Trevor Sandwith, from IUCN Member The Nature Conservancy, discusses Eco-system based Adaptation in South Africa.
The following interview was featured in the November issue of the IUCN UNFCCC Newsletter. Trevor Sandwith is Director of Biodiversity and Protected Areas Policy at The Nature Conservancy as well as Deputy Chair of the IUCN World Commission on Protected Areas (WCPA).
Why is ecosystem-based adaptation important in your region?
In South Africa, the mining sector is dominant in the economy, but there is a huge dependence, especially in rural areas, on agricultural systems – for crop production and cultivation, grazing and other
dryland and rangeland uses, and fishing. Water availability and distribution are limiting factors in the country’s economy, which is extensively based on the use of natural resources. Diversification of the economy, e.g. through tourism and wildlife, is also dependent on the integrity of ecosystems.
Climate change is strongly affecting the environment on which human communities depend, so adaptation strategies and actions must include consideration of how ecosystems, and the services they provide to livelihoods, are being affected.
What is being done?
A good example is Working for Water (www.dwaf.gov.za/wfw), a government programme based on strong participation of local civil society. Profound changes are expected in the availability and the quality of water, in terms of both its geographic and seasonal distribution. Towns and villages depend on water coming down the mountains, whose integrity is threatened by invasive alien species, which are growingly affecting mountain ecosystems of the Cape Floristic Region. Investments in removing alien species have had a positive impact on water quantity and quality, as well as reducing the threat of these species on biodiversity.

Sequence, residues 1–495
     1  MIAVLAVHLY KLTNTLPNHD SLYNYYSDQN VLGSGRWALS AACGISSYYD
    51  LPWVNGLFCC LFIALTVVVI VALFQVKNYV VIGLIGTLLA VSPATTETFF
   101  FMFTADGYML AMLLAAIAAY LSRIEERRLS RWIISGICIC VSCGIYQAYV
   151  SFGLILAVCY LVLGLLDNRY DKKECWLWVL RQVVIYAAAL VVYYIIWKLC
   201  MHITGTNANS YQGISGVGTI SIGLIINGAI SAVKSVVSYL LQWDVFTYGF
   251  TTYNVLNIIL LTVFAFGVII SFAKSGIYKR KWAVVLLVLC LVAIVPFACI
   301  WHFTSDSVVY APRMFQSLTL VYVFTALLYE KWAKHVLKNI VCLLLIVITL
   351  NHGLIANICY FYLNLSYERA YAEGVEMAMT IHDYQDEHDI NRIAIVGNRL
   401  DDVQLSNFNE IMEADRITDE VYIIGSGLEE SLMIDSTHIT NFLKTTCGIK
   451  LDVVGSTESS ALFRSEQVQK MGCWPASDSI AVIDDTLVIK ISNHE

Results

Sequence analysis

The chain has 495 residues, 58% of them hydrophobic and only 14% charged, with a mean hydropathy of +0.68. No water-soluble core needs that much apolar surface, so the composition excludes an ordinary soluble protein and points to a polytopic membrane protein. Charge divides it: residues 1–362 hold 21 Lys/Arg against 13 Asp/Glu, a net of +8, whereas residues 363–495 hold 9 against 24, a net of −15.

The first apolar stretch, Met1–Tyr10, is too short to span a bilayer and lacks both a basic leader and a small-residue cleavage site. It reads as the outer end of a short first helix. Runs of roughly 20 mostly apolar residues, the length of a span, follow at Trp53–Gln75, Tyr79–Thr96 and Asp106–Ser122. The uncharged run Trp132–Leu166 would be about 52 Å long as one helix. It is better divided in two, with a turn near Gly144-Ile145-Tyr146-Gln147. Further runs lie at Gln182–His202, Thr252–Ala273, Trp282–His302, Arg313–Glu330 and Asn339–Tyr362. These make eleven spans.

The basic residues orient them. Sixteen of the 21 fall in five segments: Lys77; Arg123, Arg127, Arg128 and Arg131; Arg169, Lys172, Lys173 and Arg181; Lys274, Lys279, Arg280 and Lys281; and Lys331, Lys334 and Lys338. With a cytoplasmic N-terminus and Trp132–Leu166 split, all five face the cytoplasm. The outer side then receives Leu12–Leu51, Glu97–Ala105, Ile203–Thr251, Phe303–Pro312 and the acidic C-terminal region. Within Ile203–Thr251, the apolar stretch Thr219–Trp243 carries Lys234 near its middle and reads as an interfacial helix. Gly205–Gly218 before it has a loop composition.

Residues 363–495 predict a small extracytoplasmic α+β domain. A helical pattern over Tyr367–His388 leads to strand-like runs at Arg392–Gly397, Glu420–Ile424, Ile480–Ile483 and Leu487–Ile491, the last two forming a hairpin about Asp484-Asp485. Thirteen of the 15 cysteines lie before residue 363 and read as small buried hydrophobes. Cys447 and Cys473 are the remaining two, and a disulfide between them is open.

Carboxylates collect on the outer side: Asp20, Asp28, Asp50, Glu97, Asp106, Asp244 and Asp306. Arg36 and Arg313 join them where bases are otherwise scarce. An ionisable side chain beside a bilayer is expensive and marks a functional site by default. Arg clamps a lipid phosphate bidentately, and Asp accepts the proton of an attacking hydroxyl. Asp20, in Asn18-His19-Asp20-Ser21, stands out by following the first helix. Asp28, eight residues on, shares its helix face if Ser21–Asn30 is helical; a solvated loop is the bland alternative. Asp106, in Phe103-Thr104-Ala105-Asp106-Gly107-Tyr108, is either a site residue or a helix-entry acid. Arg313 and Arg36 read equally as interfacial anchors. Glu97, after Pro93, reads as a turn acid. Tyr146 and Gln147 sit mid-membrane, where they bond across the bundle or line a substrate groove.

The program has provided an opportunity to build capacity, involve local communities in a natural resource management process and enhance adaptive capacity. This approach is in line with the devolution of power to the administrations at the local level, and the development of more participatory approaches, that are currently going on in South Africa.
The project is an excellent example of adaptation to different changes – both environmental and societal. Climate change provides an opportunity to engage in cross-sectoral solutions, in this case in terms of agriculture, water, economy and biodiversity.
What is needed to support this?
An understanding is needed on how ecosystems and people will be affected by climate change. South Africa has already conducted a climate modelling process, which allows for prediction of the changes likely to happen, and a better understanding of the consequences for ecosystems and people.
Scientifically sound information to explain the processes happening at the smallest scale is also essential (for example, what is role of alien invasive species in affecting water and fire). Institutional capacity to coordinate these multi-stakeholder processes is needed – a programmatic approach, engaging the right Ministries to co-operate and pool resources. Political commitment must also reach out to the local scale and engage for example farmers, municipalities and NGOs with government departments in finding solutions to local problems.
What are your expectations for COP 15?
My expectation would be that the world rises to the occasion, sets differences aside and co-operates to pursue a global goal. Climate change is the one global problem that requires a co-operative solution. Perhaps donors, countries, communities, institutions, people, will be able to find practical solutions under a global banner – an emergence of innovative and inspiring solutions. The world of nature conservation has been waiting for the stimulus that demonstrates that our investment in natural resource management is fundamental to the sustainability of life on earth.